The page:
The hospital sector is undergoing a very public transformation as it races to build capacity ahead of the spread of Covid-19. New facilities, dubbed NHS Nightingales, are being commissioned in disease hotspots such as London. Beds in existing hospitals are being emptied wherever possible; oxygen pipework is being installed in newly created clinical areas; and ventilators are being begged and borrowed, if not actually stolen.
The pace and scale of change in general practice is less obvious, but every bit as far-reaching. We are the waterfront against which waves of Covid-19 patients are beginning to break. Our job is to manage as many as possible in the community, while simultaneously identifying and admitting those who require hospital care.
Working for our out-of-hours service, which covers a population of 934,000, I am now regularly talking to patients with symptoms of the disease. In order to reduce the risk of virus transmission, we are assessing everyone by phone, and only arranging face-to-face contacts where absolutely necessary. Doctors are said to make around 85 per cent of our diagnoses on the basis of history alone – the combination of the person’s symptoms; how they have evolved over time; things that make them better or worse – so telephone triage should in theory work well. One problem with a new disease like Covid-19 is that we are suddenly encountering people whose stories don’t match patterns we’re familiar with, which makes confident assessment that much more challenging.
There is feverish activity to get up-to-date information out to support the front line. Take the issue of chest pain. Ordinarily this would be an alarm symptom, suggesting significant heart or lung problems, and Covid-19 guidance published in the British Medical Journal just ten days ago flagged it as a marker of moderate risk. Having spoken to numerous patients with this symptom whose clinical condition has been otherwise stable, it has become clear to me that chest pain is actually a common feature that doesn’t, on its own, mean much. We’re all learning as we go; the last shift I worked, a colleague was still bringing these people in for examination, understandably anxious about something that for the duration of his career he has treated with great caution. Updated Covid-19 guidance now reflects our evolving experience and normalises the presence of this particular pattern of pain.
The crucial Covid-19 complication is fulminant viral pneumonia, the hallmark symptom of which is shortness of breath. Again, cumulative experience of the disease is putting this in context. Many patients experience breathlessness; the key sign is deterioration, typically around seven to ten days into the illness, and often over the space of as little as six hours. Pulse rate, respiratory rate, and oxygen saturation in the blood all assist in evaluating this, but all have traditionally entailed physical examination. The race is on to find ways of assessing these parameters remotely. Few doctors had heard of the Roth test before last week. The patient takes a deep breath, then counts from one to 30. Failure to count for at least eight seconds before needing to draw breath again is said to be associated with significant oxygen desaturation. It hasn’t been properly evaluated in this situation, though. Even so, finding that a patient can get to 30 before running out of steam has been reassuring for me that they are clinically stable.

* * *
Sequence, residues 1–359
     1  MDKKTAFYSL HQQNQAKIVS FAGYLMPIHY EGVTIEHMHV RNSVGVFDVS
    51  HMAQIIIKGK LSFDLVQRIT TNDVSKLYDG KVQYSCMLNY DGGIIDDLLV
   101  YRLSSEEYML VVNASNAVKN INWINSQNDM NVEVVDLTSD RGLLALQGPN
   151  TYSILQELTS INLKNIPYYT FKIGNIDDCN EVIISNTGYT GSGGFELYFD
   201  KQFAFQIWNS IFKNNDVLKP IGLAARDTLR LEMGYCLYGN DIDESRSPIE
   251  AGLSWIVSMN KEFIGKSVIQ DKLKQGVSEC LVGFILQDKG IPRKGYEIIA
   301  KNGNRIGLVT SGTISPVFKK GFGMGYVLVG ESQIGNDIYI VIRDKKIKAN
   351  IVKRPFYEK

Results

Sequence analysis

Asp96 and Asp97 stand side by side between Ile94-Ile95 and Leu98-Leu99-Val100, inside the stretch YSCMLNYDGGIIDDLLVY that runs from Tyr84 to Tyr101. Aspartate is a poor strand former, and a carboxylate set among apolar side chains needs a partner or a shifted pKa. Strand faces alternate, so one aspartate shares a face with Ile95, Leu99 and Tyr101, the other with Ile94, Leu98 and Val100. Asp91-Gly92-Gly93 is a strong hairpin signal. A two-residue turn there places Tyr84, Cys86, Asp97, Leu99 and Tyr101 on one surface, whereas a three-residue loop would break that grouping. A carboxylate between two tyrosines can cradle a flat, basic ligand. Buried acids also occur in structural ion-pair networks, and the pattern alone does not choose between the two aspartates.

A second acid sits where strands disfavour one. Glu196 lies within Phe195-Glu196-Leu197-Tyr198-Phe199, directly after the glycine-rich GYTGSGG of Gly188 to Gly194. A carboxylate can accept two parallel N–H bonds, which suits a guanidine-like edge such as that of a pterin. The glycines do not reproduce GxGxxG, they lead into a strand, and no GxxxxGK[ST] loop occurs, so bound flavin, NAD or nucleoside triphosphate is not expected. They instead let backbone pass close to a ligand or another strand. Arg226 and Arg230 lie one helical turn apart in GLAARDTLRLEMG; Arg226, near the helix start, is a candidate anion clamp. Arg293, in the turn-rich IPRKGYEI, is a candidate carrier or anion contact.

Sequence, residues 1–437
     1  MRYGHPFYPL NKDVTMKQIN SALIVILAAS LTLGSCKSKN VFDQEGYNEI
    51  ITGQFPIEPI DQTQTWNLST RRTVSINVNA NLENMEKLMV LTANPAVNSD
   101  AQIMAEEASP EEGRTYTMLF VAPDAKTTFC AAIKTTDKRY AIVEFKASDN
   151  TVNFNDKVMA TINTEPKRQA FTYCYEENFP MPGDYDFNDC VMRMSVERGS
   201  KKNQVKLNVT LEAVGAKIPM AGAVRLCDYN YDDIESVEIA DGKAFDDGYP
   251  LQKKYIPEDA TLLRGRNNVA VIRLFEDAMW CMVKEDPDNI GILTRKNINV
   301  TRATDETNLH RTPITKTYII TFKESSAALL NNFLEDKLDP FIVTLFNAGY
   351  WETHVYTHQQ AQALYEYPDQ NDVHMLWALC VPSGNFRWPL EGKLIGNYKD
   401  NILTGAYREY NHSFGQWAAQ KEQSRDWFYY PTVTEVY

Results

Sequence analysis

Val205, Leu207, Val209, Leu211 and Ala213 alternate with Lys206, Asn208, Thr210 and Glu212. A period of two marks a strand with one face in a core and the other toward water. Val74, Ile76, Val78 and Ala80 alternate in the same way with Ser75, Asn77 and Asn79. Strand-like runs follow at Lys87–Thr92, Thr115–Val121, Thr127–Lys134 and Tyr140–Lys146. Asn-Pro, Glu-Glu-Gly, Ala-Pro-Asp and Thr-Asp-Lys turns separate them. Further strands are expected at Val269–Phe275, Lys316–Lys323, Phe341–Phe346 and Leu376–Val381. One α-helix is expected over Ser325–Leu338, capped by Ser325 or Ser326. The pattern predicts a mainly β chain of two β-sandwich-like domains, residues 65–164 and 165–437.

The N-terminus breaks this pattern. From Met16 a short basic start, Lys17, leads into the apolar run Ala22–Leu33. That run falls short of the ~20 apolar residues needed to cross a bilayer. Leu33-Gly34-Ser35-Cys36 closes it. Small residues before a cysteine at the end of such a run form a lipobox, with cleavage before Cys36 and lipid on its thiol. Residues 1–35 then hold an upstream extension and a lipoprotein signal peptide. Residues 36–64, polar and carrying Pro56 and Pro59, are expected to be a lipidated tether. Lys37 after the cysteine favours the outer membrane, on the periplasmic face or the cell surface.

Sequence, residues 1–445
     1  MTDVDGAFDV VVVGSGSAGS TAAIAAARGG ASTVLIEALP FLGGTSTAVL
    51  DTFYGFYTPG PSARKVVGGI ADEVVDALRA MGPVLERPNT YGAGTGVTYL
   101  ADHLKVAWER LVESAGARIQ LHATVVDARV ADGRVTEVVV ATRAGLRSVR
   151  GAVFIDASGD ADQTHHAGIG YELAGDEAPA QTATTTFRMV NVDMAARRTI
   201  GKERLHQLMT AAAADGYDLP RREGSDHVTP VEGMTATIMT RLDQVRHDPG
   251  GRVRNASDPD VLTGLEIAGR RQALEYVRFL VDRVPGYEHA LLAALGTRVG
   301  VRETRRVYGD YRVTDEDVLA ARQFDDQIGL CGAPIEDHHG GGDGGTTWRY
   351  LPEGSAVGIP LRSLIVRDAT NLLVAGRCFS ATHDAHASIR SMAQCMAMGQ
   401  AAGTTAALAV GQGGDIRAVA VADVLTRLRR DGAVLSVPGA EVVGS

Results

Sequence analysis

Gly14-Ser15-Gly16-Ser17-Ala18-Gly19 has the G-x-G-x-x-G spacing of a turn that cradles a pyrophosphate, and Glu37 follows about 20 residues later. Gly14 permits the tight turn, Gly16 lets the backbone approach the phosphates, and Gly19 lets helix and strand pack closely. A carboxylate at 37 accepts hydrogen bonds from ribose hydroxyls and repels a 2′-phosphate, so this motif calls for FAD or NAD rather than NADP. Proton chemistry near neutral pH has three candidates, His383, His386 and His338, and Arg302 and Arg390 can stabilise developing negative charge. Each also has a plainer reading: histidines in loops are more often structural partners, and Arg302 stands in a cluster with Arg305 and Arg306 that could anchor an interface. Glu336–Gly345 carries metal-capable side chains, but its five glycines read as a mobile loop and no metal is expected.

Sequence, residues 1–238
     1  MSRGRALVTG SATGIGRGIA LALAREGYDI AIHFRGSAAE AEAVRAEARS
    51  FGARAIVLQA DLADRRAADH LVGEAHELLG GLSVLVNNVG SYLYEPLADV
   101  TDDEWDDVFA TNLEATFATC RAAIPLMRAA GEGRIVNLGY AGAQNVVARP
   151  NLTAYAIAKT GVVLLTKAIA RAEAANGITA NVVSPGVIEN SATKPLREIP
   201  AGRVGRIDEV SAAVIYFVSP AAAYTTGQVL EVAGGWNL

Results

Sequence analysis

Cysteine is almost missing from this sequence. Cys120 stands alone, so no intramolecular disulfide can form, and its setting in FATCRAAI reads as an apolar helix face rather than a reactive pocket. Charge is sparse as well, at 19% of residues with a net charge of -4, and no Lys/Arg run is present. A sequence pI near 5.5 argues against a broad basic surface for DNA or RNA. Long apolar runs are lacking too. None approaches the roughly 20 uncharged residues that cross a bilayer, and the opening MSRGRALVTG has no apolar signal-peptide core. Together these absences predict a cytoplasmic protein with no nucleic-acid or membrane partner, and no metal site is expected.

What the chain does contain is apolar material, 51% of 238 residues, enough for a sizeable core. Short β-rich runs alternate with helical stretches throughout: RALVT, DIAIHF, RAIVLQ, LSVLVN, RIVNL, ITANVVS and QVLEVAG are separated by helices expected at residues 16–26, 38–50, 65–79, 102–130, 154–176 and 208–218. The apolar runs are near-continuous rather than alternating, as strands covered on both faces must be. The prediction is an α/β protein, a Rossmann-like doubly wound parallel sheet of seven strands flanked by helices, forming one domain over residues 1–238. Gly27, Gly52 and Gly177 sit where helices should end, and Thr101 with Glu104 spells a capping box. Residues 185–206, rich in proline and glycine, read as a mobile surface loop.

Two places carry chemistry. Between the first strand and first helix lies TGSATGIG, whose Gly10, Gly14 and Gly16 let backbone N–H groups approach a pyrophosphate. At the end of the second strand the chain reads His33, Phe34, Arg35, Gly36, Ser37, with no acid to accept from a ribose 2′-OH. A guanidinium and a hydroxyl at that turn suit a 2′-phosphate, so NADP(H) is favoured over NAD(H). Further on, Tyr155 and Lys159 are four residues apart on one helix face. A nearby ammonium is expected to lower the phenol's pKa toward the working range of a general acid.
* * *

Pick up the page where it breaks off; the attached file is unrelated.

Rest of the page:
In our smartphone era, much attention is being paid as to whether apps can help. It turns out that for measuring heart rate, several can. But although at least three apps claim to be able to measure oxygen saturation – two by using the built-in camera as an oximeter – the results are essentially useless.
That statistic that doctors make 85 per cent of diagnoses based on their patients’ history seems to me to ignore a crucial fact, which is that visual clues and non-verbal communication are just as important to our assessments as the words a patient actually utters – and these are difficult if not impossible to gauge over the phone. A partial solution may be video consulting, which gives the clinician the chance to eyeball the patient’s general condition. Practices and out-of-hours services are scrambling to install and incorporate software to allow direct visual contact between doctor and patient.
Back at my daytime practice, where we look after just 5,000 people, numbers of Covid-19 cases are still proportionately small, but predicted to surge in the coming fortnight. We are using the narrow window to prepare. We already have one doctor and one nurse out of action, having gone into self-isolation. By the time you read this, we should have completed preparations with our neighbouring practices to pool manpower resources so as to be able to continue to offer a service whatever may come.
We are also, at the behest of our local clinical commissioning group, hastily reviewing our “at risk” population. These are the elderly and those with multiple co-morbidities, who are currently being “shielded” or advised to follow stringent self-isolation. In the event they contract Covid-19, this population is highly unlikely to benefit from hospital care. We are being tasked with identifying in advance for out-of-hours and the ambulance service those who should be discussed for admission. And those, as a corollary, who should be kept at home for palliative care, accepting that this disease will be their final illness.
The gravity of the situation was underscored for me last week. I was contacted by a long-standing patient in his mid-fifties, unwell with what appeared on the face of it to be just an exacerbation in his chronic lung disease. This was someone who was still working, still with a family to support. Two days later, he was dead. The first Covid-19 fatality among my patient population.
This article appears in the 24 Mar 2021 issue of the New Statesman, Spring special